For a small vegetable, garlic (Allium sativum) sure has a big, and well deserved, reputation. And although garlic may not always bring good luck, protect against evil, or ward off vampires, characteristics to which it has been assigned folklorically, it is guaranteed to transform any meal into a bold, aromatic, and healthy culinary experience. Garlic is a member of the Lily family and is a cousin to onions, leeks and chives.
Garlic is arranged in a head, called a "bulb," which averages about 2 inches in height and diameter and consists of numerous small separate cloves. Both the cloves and the entire bulb are encased in paper-like sheathes that can be white, off-white, or have a pink/purple hue. Although garlic cloves have a firm texture, they can be easily cut or crushed. The taste of garlic is like no other—it hits the palate with a hot pungency that is shadowed by a very subtle background sweetness.
Native to central Asia, garlic is one of the oldest cultivated plants in the world and has been grown for over 5000 years. Ancient Egyptians seem to have been the first to cultivate this plant that played an important role in their culture.
Garlic was not only bestowed with sacred qualities and placed in the tomb of Pharaohs, but it was given to the slaves that built the Pyramids to enhance their endurance and strength. This strength-enhancing quality was also honored by the ancient Greeks and Romans, civilizations whose athletes ate garlic before sporting events and whose soldiers consumed it before going off to war.
Garlic was introduced into various regions throughout the globe by migrating cultural tribes and explorers. By the 6th century BC, garlic was known in both China and India, the latter country using it for therapeutic purposes.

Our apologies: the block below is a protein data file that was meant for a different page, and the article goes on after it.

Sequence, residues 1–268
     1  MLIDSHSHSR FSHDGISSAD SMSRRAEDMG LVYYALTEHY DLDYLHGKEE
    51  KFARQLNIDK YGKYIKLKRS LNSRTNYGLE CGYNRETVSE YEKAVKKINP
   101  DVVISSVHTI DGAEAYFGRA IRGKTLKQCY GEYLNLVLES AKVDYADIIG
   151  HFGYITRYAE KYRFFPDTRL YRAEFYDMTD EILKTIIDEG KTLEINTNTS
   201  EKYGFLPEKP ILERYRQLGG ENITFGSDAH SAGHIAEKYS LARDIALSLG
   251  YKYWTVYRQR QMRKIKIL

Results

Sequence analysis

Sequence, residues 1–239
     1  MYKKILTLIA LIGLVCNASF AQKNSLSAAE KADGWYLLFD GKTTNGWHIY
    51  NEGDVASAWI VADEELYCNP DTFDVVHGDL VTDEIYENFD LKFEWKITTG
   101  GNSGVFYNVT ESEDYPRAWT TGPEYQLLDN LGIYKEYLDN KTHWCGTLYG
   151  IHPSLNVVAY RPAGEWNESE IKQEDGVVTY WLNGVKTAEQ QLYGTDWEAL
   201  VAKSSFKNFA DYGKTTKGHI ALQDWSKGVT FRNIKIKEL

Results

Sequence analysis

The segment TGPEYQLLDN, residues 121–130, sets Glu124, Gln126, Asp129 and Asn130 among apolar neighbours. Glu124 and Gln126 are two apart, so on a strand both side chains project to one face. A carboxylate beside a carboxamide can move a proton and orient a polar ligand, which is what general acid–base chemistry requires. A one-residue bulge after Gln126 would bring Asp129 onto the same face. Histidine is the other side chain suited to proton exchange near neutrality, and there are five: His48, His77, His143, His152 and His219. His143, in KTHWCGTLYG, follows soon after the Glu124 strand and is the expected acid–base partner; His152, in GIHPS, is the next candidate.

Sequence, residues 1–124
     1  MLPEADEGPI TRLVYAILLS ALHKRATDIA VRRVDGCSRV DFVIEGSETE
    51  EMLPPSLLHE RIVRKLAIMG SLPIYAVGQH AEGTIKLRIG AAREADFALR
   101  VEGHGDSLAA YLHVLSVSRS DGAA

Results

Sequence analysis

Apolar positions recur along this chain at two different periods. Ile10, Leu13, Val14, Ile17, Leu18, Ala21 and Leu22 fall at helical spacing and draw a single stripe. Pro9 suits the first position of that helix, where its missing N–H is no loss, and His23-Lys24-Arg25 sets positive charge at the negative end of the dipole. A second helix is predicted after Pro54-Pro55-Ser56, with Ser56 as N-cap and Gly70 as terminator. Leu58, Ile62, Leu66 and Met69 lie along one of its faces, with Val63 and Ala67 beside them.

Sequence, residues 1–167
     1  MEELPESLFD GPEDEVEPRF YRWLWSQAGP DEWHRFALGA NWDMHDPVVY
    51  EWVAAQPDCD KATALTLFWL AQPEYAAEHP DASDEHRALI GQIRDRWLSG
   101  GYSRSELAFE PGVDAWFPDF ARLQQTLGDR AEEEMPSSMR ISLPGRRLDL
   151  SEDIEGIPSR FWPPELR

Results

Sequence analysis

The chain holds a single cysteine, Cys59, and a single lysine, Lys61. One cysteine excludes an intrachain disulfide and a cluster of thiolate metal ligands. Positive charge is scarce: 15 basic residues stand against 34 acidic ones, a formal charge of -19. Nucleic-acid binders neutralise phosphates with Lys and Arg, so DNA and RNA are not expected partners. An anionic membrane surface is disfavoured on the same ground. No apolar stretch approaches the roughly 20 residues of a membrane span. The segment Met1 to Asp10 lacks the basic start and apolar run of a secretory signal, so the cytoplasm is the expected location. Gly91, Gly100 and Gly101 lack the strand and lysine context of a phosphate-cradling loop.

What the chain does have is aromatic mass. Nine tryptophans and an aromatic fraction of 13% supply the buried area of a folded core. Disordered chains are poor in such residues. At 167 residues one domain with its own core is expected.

Throughout the millennia, garlic has been a beloved plant in many cultures for both its culinary and medicinal properties. Over the last few years, it has gained unprecedented popularity since researchers have been scientifically validating its numerous health benefits.
Store fresh garlic in either an uncovered or a loosely covered container in a cool, dark place away from exposure to heat and sunlight. This will help maintain its maximum freshness and help prevent sprouting, which reduces its flavor and causes excess waste. It is not necessary to refrigerate garlic. Some people freeze peeled garlic; however, this process reduces its flavor profile and changes its texture.
Depending upon its age and variety, whole garlic bulbs will keep fresh for about a month if stored properly. Inspect the bulb frequently and remove any cloves that appear to be dried out or moldy. Once you break the head of garlic, it greatly reduces its shelf life to just a few days.
Sopa de Ajo (Garlic Soup)
This is a noble and sustaining soup found throughout Spain, especially in Castilla-La Mancha. Despite regional variations, the main ingredients of this soup are always the same: garlic, eggs, bread and paprika. (from Moro the Cookbook) Yum!
- 4 tbsp olive oil
- 4-5 large garlic bulbs, broken into cloves with skin kept on
- 100g cooking chorizo, cut into little pieces
- 1 tsp fresh thyme leaves
- ½ tsp sweet smoked Spanish paprika
- 1 litre chicken stock
- 4 eggs
- 8 slices ciabatta or sourdough bread, toasted and torn into rough pieces